Ladies and gentlemen: Mother McCree's Uptown Jug Champions!
Grateful Dead — Aoxomoxoa (1969)
You know, I've had the Dead's first self-titled album for many years after a chance bargain bin find and I don't think anyone with even a cursory interest in the Dead would agree that judging the band by that first album is a good idea. So, I finally picked up American Beauty a while back and that spawned a splurge that is still ongoing, but this is the so-far batch. This album was the band's third proper studio album and, I'd say, the first one that really represents the band's unique hybrid of rock, folk and jazz textures. It's the first album that Jerry Garcia and Robert Hunter were working together and it fires off right away with a band classic in the rollicking 'St. Stephen.' It's mostly Jerry's album and his acid-drenched folk really shines on album highlights 'Rosemary' and 'Mountains of the Moon.' I don't care too much for the "freakout" track 'What's Become of the Baby', but otherwise, I think most fans would agree that this is the album where the band's sound came through on its full potential for the first time. This is the cool recent vinyl reissue on Rhino that restores the album's original analog mix. Super warm, lots of depth. Definitely hip.
Grateful Dead — Grateful Dead (Skull & Bones) (1971)
There's two sides to the Grateful Dead, especially on live albums. There's a kind of blues-rock jam band that's definitely fun and that I associate more with Bob Weir's half of the repertoire. Then, there's the transcendental, jammy, jazzy, floaty, pretty side of the band that I associate more with Jerry Garcia. This is the side of the band that I prefer. This was the band's second proper live album and, a two disc set on vinyl, it focuses almost entirely on the blues-rock side of the band, so I'm left a little lukewarm. It's not until side four when Garcia sings a rather engaging 'Wharf Rat' that I start to get a little excited for this one. It morphs into 'Not Fade Away' which then morphs into 'Goin Down the Road Feeling Bad' and they essentially end it the way they started it. But, for a while there in the middle of side four, they reach that magical point that a lot of fans revere them for. Just wish there was more of it on this one.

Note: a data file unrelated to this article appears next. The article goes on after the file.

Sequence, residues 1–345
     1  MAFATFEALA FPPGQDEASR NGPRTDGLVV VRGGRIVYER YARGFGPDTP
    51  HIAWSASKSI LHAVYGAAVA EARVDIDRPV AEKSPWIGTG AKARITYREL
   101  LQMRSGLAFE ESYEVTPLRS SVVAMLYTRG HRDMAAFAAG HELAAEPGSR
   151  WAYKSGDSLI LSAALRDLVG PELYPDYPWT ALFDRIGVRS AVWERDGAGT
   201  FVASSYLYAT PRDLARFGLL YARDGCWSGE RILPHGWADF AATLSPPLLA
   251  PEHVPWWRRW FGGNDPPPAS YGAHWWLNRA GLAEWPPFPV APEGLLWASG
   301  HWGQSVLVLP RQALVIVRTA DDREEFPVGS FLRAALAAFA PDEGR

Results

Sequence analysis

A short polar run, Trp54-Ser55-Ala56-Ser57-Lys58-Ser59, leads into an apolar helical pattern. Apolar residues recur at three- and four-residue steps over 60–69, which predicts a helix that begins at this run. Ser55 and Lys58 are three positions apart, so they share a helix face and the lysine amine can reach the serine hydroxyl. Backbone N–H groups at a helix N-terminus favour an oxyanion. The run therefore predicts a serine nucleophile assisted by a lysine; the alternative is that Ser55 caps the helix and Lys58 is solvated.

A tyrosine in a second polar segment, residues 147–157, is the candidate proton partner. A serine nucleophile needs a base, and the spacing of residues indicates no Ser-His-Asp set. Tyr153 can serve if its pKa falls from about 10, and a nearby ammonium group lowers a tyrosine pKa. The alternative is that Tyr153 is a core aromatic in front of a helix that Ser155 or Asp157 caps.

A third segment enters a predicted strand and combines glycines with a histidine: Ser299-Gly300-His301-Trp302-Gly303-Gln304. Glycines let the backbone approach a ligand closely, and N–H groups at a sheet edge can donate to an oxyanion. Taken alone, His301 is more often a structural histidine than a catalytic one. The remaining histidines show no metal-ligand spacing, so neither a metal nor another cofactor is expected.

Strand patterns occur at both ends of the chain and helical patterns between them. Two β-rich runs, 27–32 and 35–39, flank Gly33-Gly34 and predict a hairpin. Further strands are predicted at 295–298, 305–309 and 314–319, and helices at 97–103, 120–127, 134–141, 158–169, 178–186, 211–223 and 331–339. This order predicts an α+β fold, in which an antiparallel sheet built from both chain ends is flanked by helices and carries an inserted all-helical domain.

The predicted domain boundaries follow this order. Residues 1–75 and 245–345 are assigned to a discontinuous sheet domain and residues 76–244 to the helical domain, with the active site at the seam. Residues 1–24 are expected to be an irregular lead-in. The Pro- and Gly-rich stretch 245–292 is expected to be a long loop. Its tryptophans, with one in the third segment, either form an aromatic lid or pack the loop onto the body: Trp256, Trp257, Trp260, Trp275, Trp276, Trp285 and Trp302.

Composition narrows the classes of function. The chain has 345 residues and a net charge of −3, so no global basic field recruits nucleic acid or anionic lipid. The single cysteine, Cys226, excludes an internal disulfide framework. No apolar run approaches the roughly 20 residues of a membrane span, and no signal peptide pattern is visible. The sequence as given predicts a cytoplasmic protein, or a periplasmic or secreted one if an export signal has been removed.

Jerry Garcia — Garcia (1971)
This album, released under Garcia's name, is a pretty important piece of the Grateful Dead puzzle, as it contains the debut studio recordings of many songs that would become Dead live favorites for the remainder of their career. 'Bird Song', 'Sugaree', 'Loser' and 'To Lay Me Down' are all here and any album with that lineup has got to be good. While live performances of the tunes, like a lot of Dead stuff, would outdo these initial studio recordings, they certainly have their place as important pieces in the band's history. The album has a sort of soft country-rock sound that's a bit more polished than you may expect if you only know the live renditions, but it's certainly nice to hear fully fleshed out versions of these tunes. Side two has some psychedelic collage sounds surrounding the centerpiece 'To Lay Me Down' and it's hard to think of anyone else that could've pulled off such a strange combination.
Grateful Dead — Europe '72 (1972)
This one is totally worth it for nothing else than its historical importance. Luckily, the last twenty or so minutes of this thing just get about as magnificent as the Dead could get when they were all there on that other plane. From the end of 'Truckin' through a stunningly discordant 'Morning Dew', it makes sitting through three records completely worth it. Literally, saved the best for last. Boy, when they were on, they really played music unlike anything else.